The New York Times
Civil Union Pressure
By JILL P. CAPUZZO,
nytimes.com on the Web, August 14, 2007
An Ocean Grove church group is suing
New Jersey, saying that the state is pressuring it to allow a civil union
ceremony for a lesbian couple at its oceanfront pavilion, thereby violating the
group’s First Amendment rights.
The suit, filed electronically with United States District Court on Saturday,
comes after the group, the Ocean Grove Camp Meeting Association, turned down a
request in June by Harriet Bernstein and Luisa Paster of Ocean Grove to hold a
civil union ceremony in the Boardwalk Pavilion on Sept. 30. The couple
subsequently filed a discrimination complaint with the New Jersey Division on
Civil Rights against the Camp Meeting Association, a Methodist organization that
owns the pavilion and all the town’s land.
“We’re trying to get the federal court to issue a declaration of the rights the
Ocean Grove Camp Meeting possess,” said Brian Raum, senior counsel for the
Alliance Defense Fund, a family and church rights legal organization that is
representing the Methodist group. “We feel they have the right to use
their facilities for functions that are consistent with their beliefs.”
Following up on the complaint by Ms. Bernstein and Ms. Paster, the Division on
Civil Rights, part of the state attorney general’s office, began an
investigation. By opening a case file, the association’s suit claims the
state has violated the church’s First Amendment rights “by subjecting this
patently religious entity to an illegal investigation and threat of prosecution
under the law,” and causing a chilling effect on the group’s rights to
“unfettered religious expression, association and free exercise of religion.”
Lee Moore, a spokesman for the attorney general’s office, called the lawsuit
“premature” since findings from the inquiry have yet to be issued.
“The Division on Civil Rights has a duty to investigate any charges of
discrimination filed with it, and the agency does so in response to nearly 1,300
formal complaints a year,” Mr. Moore said, adding that his office’s attempts at
mediation between the parties had been unsuccessful.
The crux of the argument will rest on the definition of the building in
An open-air structure that faces the ocean, the Boardwalk Pavilion is used for
Sunday worship services, which are typically attended by 500 to 600 people
throughout the summer, and for daily Bible classes. Situated on the
Boardwalk in Ocean Grove, a busy Monmouth County beach town, the pavilion is
also used by members of the public, who regularly sit on the pews to rest or get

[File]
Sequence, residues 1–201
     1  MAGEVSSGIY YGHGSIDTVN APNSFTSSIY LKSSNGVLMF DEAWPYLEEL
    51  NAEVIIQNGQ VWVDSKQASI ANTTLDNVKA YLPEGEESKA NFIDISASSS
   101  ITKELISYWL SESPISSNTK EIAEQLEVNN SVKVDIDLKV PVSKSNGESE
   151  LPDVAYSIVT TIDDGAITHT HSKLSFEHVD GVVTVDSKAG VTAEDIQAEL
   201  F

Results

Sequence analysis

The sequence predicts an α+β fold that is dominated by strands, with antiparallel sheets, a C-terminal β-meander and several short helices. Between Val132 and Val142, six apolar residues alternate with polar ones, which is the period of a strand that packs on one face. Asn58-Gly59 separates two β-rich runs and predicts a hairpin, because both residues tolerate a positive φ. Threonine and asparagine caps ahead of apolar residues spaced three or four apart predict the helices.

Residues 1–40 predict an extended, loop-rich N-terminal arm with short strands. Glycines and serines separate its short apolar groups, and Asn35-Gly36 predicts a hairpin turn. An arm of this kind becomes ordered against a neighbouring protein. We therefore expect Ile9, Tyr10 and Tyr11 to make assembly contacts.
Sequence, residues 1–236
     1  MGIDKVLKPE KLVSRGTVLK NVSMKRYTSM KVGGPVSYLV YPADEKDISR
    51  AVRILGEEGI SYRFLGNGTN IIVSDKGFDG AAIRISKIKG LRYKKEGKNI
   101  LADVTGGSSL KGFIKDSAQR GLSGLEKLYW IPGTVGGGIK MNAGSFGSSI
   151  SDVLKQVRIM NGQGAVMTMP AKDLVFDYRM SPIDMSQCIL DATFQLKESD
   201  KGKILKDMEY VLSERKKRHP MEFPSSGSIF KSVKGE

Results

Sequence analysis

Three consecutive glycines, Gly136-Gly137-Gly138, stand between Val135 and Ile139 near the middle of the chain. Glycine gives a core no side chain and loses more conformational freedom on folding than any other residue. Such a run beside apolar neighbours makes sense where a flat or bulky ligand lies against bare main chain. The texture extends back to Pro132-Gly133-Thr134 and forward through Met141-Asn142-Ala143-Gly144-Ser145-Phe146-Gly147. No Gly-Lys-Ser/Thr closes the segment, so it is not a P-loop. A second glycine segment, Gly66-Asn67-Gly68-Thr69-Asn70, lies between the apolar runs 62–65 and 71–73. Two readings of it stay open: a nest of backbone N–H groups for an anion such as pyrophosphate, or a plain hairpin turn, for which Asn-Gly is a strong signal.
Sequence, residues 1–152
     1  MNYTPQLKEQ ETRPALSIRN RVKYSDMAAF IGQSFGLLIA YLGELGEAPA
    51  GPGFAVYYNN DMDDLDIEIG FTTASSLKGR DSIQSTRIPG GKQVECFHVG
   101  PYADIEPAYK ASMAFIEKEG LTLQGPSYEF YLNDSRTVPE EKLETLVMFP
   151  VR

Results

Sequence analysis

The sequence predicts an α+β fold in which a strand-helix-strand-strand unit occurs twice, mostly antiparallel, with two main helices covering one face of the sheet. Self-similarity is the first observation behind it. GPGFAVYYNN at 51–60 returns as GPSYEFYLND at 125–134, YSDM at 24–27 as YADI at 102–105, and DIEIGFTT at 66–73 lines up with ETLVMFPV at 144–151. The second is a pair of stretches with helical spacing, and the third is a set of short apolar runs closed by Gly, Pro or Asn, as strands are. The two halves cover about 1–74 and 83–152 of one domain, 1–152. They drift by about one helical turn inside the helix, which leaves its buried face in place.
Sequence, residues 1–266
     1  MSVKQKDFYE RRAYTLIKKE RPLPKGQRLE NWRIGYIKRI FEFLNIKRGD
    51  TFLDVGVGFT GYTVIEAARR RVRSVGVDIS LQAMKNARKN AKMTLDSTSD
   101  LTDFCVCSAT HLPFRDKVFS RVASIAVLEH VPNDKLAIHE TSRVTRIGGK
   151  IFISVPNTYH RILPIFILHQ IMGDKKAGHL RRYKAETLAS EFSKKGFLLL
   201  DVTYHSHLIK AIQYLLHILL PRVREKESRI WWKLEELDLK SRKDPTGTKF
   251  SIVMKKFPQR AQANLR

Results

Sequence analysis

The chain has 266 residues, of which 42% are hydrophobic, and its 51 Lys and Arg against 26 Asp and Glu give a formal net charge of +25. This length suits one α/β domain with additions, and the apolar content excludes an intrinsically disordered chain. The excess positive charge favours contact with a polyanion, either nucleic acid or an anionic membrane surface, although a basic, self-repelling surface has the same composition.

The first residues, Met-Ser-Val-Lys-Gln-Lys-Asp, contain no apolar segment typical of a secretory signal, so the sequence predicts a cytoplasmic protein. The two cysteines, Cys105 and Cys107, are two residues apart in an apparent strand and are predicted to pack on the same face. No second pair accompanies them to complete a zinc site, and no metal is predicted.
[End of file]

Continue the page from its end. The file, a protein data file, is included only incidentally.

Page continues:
out of the sun. The building had been used for wedding ceremonies until
Shortly after the civil union law took effect on Feb. 19, the group stopped
offering the pavilion for weddings in large part to avoid potential conflicts,
Scott Hoffman, the church association’s chief administrative officer, said
“Just because of its location, it doesn’t necessarily look like a church in the
traditional fashion, but it is,” Mr. Hoffman said.
But those who consider the pavilion a public place argue that the Methodist
group is out of line in blocking these ceremonies.
“This is public property by virtue of its public use for many decades,” said
Steven Goldstein, chairman of Garden State Equality, a gay rights advocacy
Stuart Rabner, who was then the attorney general, specified in a letter offering
advice on applying the rules for New Jersey’s civil union law that those who
regularly performed marriage ceremonies may be compelled to perform civil unions
under the state’s antidiscrimination laws, but that clergy members could decline
if performing such ceremonies would conflict with “sincerely held religious
According to a charter granted by the state in the 1870s, all of the land in
Ocean Grove, a mile-square section of Neptune Township, as well as the
Boardwalk, the beach and 1,000 feet into the ocean is owned by the Camp Meeting
In recent years, Ocean Grove has also become one of the state’s most gay
friendly communities and the two populations have coexisted peaceably. But
with the filing of the lawsuit, and the Camp Meeting Association’s hiring of the
Alliance Defense Fund, some gay activists see that relationship changing.
“By enlisting one of the most radical groups in the country to represent it, the
Ocean Grove Camp Meeting Association has declared war not only on New Jersey’s
gay community, but on the progressive values of millions of people in this
state,” Mr. Goldstein said.